Identification of Paleosols and the Fort Hall Geosol in Southeastern Idaho Loess Deposits1
- Robert E. McDole,
- Glenn C. Lewis and
- Maynard A. Fosberg2
Information on the origin and history of the southeastern Idaho loess deposits was obtained through examination of 11 loess sections for evidence of paleosols. These sections comprised three transects traversing the loess deposits adjacent to the Snake River flood plain near Pocatello, Idaho. Characteristics identifying paleosols were found in 7 of the 11 sections. The paleosols were identified by zones in the loess section having one or more of the following properties: (i) a twofold increase in calcium carbonate equivalent, (ii) a sharp increase to a strong maximum in soluble salts, and (iii) an increase of 5 to 10% in the amount of clay. The paleosols show as strong or stronger development than the present modern soil.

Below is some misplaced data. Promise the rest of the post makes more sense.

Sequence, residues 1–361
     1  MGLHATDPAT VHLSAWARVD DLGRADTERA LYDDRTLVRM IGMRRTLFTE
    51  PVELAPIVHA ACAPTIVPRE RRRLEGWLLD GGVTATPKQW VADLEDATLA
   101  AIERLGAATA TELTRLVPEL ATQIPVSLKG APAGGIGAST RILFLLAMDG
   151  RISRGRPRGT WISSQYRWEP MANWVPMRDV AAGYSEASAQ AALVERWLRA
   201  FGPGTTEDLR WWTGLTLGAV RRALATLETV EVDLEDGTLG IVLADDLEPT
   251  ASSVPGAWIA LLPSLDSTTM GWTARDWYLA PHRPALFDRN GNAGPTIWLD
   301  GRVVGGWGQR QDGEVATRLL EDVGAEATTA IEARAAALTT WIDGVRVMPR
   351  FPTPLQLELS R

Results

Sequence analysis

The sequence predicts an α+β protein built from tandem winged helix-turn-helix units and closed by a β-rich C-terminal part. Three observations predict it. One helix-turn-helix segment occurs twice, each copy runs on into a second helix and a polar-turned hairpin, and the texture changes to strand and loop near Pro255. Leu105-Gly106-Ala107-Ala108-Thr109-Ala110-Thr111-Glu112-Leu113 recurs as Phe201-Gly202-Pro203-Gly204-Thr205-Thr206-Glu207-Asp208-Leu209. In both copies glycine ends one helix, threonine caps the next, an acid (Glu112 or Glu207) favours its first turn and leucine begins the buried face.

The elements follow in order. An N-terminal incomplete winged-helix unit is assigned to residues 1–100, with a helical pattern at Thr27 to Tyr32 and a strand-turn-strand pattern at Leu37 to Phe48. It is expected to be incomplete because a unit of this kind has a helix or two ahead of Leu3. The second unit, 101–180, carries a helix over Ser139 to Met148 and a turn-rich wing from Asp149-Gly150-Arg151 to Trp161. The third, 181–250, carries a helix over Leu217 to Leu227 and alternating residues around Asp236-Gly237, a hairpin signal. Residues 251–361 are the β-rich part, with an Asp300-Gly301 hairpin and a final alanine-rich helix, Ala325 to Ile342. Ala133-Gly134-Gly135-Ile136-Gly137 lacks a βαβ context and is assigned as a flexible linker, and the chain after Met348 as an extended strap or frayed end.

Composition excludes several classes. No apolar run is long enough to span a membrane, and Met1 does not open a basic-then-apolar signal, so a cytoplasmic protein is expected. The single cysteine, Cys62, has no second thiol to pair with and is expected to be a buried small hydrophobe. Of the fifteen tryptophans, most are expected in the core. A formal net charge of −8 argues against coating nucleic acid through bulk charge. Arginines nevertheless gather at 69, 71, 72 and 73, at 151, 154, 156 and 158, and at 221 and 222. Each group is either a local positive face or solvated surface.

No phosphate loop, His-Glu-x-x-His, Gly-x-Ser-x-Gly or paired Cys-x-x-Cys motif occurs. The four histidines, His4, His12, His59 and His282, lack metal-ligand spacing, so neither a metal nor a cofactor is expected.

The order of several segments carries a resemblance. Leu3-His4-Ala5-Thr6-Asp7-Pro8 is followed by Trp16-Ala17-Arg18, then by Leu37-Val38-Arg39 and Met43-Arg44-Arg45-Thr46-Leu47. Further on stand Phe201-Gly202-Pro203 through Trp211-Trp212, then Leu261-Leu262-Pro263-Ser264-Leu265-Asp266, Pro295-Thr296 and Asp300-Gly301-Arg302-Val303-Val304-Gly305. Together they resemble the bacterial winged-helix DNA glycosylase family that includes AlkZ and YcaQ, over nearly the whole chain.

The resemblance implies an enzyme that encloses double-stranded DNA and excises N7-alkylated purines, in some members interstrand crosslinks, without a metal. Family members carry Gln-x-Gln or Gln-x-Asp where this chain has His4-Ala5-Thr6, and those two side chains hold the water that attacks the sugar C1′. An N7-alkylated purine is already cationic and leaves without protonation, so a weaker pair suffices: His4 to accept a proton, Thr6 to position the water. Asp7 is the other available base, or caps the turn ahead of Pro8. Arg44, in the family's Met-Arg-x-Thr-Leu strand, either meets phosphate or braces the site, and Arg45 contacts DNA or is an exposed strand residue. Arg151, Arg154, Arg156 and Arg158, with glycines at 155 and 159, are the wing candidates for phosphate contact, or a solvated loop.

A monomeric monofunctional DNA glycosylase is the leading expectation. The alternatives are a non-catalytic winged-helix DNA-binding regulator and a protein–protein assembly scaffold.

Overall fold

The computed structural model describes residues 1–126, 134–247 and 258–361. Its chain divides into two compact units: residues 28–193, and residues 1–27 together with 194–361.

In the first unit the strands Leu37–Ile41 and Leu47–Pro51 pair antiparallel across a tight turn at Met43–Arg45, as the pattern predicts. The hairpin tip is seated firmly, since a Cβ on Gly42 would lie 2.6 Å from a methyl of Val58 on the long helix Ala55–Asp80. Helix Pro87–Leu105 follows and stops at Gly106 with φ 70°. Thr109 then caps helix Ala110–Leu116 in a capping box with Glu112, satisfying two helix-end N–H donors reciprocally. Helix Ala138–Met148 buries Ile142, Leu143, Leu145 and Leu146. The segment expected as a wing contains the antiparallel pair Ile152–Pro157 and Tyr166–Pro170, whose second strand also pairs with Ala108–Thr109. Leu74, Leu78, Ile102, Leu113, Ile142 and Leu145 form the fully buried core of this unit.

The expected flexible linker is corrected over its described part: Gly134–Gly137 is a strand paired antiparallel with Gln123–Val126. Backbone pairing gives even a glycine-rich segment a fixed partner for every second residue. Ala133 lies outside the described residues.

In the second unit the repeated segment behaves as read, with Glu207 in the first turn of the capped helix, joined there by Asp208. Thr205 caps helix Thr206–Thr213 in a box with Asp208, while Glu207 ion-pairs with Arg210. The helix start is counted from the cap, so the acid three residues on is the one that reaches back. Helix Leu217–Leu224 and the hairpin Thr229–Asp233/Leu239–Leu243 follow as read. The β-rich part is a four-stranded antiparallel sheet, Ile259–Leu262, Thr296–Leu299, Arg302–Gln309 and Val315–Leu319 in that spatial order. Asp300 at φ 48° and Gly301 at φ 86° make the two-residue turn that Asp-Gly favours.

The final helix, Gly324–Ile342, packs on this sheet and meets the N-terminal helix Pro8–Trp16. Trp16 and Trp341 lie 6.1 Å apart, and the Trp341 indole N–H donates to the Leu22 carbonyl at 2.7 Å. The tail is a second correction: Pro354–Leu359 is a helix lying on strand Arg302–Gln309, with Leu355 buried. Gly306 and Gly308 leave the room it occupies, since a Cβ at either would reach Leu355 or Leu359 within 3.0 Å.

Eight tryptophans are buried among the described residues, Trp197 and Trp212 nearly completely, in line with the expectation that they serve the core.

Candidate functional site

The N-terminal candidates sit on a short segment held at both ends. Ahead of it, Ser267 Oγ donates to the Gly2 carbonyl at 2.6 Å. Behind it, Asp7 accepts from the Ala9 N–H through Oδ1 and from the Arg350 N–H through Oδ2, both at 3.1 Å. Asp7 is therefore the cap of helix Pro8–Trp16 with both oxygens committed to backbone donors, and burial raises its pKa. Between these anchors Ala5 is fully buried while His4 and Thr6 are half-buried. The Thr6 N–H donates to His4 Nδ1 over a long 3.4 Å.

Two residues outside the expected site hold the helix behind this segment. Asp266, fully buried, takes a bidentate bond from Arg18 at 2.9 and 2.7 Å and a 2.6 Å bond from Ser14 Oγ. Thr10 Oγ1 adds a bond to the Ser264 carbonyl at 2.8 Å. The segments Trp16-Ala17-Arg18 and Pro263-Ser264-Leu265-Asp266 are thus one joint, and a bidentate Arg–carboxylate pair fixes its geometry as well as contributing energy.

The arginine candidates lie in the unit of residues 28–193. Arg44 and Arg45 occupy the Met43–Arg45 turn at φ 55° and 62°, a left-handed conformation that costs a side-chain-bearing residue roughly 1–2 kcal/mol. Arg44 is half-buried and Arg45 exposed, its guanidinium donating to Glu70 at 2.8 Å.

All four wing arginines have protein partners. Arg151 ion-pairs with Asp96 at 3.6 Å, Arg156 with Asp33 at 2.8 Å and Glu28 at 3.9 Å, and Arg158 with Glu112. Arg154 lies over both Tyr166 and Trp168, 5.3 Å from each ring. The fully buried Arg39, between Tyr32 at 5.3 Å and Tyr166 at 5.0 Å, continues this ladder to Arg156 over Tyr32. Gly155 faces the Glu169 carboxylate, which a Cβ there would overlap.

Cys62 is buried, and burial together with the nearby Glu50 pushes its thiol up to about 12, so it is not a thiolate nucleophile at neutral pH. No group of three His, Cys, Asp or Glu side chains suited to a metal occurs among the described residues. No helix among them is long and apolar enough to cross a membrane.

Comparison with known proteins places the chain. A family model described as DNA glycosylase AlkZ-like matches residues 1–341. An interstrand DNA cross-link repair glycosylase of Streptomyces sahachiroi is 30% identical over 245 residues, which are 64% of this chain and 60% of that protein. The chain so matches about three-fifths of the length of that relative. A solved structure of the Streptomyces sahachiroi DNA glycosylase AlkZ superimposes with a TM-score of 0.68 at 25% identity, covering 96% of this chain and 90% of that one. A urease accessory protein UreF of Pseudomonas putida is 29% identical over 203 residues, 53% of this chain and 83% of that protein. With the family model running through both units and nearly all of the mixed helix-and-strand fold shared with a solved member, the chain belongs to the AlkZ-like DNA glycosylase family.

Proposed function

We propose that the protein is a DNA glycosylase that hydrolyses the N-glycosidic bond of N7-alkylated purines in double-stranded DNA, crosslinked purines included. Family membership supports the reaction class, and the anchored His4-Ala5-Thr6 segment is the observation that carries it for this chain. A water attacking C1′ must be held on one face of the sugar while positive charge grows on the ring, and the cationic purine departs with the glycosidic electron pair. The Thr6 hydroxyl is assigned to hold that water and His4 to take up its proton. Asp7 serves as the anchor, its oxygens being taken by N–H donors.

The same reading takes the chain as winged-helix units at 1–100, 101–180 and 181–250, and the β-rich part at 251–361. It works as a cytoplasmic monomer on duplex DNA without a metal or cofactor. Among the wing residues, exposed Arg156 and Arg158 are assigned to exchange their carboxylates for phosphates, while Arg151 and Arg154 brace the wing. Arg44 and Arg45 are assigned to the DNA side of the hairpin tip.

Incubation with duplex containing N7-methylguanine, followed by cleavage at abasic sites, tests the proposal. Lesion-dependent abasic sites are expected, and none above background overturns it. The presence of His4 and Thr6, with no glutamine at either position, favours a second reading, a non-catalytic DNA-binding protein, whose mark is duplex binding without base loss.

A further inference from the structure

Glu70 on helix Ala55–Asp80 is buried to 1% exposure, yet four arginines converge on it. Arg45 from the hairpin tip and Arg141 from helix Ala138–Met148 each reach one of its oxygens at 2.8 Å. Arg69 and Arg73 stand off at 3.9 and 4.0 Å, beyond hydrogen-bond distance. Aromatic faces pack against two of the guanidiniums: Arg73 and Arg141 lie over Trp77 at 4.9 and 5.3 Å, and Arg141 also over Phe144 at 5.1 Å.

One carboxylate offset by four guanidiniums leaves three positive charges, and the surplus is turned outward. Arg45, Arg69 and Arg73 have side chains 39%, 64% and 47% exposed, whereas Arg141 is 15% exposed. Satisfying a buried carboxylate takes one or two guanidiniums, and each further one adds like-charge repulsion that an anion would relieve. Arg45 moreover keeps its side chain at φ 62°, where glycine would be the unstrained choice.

When a paleosol can be positively identified as occurring at more than one site, it becomes a marker used in the study of geologic formations such as loess deposits. A paleosol that serves this purpose is termed a geosol, and becomes a valuable tool in correlation of soil parent materials.
The Fort Hall Geosol was identified in loess sections at 7 of the 11 study sites. The Fort Hall Geosol differed from the rest of the loess section and the other paleosols by having higher total clay content and finer clay, more montmorillonite, higher amounts of coarse silt, very fine sand and coarser sands (1.0 to 0.1 mm); and higher calcium carbonate and total salts.
These identifying characteristics infer the nature of events which took place to form these paleosols. The characteristics suggest polypedogenesis. The initial event in the formation of the paleosols resulted in accumulations of relatively insoluble carbonates and clays. The Fort Hall Geosol represents a much stronger set of soil forming factors than those responsible for the formation of the existing modern soil or the other palesols in the section. Later, soluble salts accumulated in or above the zone of carbonate and clay accumulation. The soluble salts appear to be related to a subsequent deposition followed by a period of leaching.Please view the pdf by using the Full Text (PDF) link under 'View' to the left.
Copyright © .